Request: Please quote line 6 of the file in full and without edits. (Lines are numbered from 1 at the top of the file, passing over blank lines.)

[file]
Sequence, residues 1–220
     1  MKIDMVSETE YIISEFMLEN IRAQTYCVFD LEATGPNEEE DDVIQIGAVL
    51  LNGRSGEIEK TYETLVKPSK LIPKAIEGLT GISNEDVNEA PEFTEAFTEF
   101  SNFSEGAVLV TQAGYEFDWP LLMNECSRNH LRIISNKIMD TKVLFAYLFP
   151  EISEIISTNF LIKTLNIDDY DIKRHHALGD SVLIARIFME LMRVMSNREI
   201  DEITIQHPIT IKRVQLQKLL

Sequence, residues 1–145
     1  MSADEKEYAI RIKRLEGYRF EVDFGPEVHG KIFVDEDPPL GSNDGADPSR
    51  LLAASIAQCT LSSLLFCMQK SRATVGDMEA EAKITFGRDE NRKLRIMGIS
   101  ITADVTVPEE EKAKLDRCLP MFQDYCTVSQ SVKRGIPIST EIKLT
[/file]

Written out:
   201  DEITIQHPIT IKRVQLQKLL